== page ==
ISLAMABAD — Pakistani intelligence officials confirmed Thursday that a U.S. drone strike last week near the Afghan border killed the son of the founder of the powerful Haqqani militant network, a major blow to one of the most feared groups fighting American troops in Afghanistan.
Badruddin Haqqani, who has been described as the organization's day-to-day operations commander, was killed Aug. 24 in one of three strikes that hit militant hideouts in the Shawal Valley in Pakistan's North Waziristan tribal area, said two senior intelligence officials. They spoke on the condition of anonymity because they are not authorized to talk to the media.
The presence of the mostly Afghan Haqqani Network in North Waziristan has been a major source of friction between Pakistan and the U.S.
The Obama administration repeatedly has demanded that Pakistan prevent the group from using its territory to launch attacks in Afghanistan, but Islamabad has refused — a stance many analysts believe is driven by the country's strong historical ties to the Haqqani Network's founder, Jalaluddin Haqqani.
The Pakistani intelligence officials didn't specify which strike on Aug. 24 killed Badruddin, but said he was leaving a hideout when the U.S. missiles hit.
The confirmation of his death came from their sources within the Taliban, which is allied with the Haqqani Network, and agents on the ground, they said. But neither the officials nor their sources have seen Badruddin's body.
Pakistani intelligence officials previously said they were 90 percent sure Badruddin was killed in a drone strike in a different part of North Waziristan on Aug. 21. It's unclear what caused the discrepancy.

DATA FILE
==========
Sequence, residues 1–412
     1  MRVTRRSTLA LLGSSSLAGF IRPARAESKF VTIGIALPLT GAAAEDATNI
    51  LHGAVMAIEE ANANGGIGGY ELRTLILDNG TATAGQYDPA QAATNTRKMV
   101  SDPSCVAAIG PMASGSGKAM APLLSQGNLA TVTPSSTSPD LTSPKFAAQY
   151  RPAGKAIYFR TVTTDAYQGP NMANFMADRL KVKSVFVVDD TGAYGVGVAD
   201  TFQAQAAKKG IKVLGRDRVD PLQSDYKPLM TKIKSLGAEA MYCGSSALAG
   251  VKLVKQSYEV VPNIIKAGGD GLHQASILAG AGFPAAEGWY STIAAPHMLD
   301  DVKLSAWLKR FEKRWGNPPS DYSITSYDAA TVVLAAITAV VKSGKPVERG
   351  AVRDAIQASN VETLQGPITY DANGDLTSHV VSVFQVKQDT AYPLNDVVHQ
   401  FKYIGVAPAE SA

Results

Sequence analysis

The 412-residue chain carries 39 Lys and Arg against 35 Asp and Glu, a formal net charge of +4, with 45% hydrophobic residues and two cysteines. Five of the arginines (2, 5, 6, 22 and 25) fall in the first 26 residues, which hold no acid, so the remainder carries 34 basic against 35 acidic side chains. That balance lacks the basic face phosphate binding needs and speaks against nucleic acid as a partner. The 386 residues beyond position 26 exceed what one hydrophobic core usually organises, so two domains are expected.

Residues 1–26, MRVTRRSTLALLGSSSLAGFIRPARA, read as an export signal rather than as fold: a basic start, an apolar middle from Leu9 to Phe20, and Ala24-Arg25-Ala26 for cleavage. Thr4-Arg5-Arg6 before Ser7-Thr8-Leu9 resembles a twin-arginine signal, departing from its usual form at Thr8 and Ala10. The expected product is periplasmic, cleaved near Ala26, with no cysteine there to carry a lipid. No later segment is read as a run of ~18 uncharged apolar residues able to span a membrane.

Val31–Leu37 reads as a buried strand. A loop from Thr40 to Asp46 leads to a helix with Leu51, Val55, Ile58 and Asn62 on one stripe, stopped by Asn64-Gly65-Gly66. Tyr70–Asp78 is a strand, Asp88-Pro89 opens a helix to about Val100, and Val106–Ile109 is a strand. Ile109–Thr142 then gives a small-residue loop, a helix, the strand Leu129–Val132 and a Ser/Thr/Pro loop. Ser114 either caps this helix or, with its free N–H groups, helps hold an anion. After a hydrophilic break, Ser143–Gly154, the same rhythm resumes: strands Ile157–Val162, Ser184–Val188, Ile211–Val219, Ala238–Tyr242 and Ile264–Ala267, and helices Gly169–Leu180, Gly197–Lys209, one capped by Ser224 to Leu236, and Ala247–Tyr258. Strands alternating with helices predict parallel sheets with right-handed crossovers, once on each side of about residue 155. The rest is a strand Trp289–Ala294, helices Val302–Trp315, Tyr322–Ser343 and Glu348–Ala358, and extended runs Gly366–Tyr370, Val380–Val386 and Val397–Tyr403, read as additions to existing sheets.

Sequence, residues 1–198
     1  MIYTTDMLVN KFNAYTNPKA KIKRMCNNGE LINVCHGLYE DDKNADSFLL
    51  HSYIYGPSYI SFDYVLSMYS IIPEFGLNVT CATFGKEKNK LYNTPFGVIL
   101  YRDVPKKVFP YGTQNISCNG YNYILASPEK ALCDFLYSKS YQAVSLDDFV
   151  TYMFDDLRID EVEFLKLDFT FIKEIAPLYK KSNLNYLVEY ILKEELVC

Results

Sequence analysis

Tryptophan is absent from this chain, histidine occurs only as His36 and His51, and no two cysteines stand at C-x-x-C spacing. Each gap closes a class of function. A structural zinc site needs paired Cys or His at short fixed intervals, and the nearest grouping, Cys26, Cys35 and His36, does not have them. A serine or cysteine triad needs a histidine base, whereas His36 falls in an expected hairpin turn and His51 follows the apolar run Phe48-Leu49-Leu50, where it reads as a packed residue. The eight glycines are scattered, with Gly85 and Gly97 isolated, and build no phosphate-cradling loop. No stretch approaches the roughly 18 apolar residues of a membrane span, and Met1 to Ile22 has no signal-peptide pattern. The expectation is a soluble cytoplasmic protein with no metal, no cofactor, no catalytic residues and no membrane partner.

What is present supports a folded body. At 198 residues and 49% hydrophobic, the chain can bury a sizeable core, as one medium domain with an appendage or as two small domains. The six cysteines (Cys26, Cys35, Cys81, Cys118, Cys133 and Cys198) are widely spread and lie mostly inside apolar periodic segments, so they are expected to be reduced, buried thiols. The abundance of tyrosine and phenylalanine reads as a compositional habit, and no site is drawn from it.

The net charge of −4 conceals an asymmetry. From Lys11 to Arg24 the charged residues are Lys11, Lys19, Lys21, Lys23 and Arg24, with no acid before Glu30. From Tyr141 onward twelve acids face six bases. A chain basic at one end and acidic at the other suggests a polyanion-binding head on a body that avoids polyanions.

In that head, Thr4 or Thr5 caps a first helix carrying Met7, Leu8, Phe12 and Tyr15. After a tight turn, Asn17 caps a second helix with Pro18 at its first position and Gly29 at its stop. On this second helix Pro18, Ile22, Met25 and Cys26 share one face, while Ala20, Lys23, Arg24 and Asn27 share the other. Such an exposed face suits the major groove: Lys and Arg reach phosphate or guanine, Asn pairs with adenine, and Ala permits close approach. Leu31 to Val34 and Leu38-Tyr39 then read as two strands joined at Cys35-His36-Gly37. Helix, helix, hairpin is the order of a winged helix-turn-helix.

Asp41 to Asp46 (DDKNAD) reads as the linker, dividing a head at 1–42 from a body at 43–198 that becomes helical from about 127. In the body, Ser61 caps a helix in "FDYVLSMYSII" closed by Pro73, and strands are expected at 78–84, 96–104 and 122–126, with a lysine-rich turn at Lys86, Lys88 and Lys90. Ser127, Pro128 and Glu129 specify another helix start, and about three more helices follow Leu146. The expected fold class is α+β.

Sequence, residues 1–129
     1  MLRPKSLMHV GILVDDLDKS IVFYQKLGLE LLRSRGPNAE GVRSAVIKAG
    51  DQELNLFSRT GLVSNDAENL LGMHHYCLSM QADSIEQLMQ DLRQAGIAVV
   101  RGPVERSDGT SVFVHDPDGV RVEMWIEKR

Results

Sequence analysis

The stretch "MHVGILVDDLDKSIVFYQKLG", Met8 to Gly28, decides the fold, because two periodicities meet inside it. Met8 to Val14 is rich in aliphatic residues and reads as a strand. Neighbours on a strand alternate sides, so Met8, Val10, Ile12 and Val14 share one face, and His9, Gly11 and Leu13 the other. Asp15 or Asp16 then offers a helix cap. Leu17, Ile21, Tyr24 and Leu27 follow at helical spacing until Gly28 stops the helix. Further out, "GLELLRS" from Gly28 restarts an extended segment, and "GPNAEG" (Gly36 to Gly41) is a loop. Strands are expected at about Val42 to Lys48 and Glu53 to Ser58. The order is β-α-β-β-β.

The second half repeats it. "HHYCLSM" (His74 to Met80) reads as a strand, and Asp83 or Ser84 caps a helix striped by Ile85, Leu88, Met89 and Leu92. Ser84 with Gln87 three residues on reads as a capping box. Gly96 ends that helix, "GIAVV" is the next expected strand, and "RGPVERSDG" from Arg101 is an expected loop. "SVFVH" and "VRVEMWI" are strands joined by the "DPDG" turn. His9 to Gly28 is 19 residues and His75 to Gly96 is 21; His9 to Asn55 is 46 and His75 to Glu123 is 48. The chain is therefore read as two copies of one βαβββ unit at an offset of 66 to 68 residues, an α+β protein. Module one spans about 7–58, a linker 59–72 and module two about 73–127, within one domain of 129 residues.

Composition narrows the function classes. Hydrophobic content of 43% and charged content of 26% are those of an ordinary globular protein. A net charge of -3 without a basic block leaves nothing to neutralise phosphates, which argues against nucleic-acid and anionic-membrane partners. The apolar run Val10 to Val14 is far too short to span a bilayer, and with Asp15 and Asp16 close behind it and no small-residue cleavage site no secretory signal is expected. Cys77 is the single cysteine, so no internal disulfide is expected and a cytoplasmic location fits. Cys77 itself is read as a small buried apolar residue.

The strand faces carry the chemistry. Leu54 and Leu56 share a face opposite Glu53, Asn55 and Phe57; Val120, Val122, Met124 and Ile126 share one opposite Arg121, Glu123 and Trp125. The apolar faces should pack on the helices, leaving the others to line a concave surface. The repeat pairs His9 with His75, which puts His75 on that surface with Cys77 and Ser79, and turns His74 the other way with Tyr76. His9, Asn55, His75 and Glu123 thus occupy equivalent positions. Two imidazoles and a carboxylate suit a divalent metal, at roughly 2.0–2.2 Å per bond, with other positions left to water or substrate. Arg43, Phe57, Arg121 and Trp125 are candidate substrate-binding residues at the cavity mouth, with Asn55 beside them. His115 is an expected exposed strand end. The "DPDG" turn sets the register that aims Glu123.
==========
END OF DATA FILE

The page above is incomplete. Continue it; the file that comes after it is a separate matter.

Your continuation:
Afghanistan's intelligence agency said several days ago that its operatives had confirmed Badruddin's death, but did not provide any details.
A senior Taliban commander also has confirmed the militant's death. But a Taliban spokesman in Afghanistan, Zabiullah Mujahid, has rejected reports of Badruddin's death, calling them "propaganda of the enemy."
The U.S. does not often comment publicly on the covert CIA drone program in Pakistan and has not said whether Badruddin was killed.
The areas where the American drone strikes generally occur are extremely remote and dangerous, making it difficult for reporters or others to verify a particular person's death.
Badruddin is considered a vital part of the Haqqani structure. He is believed to be the network's day-to-day operations commander, according to a report by the Institute for the Study of War.
The State Department has designated Badruddin, along with his father and brothers — Nasiruddin and Sirajuddin — as terrorists.
The State Department said in May 2011 that Badruddin sits on the Miram Shah Shura, a group that controls all Haqqani network activities and coordinates attacks in southeastern Afghanistan.
Badruddin also is believed to have been responsible for the 2008 kidnapping of New York Times reporter David Rohde, the department said.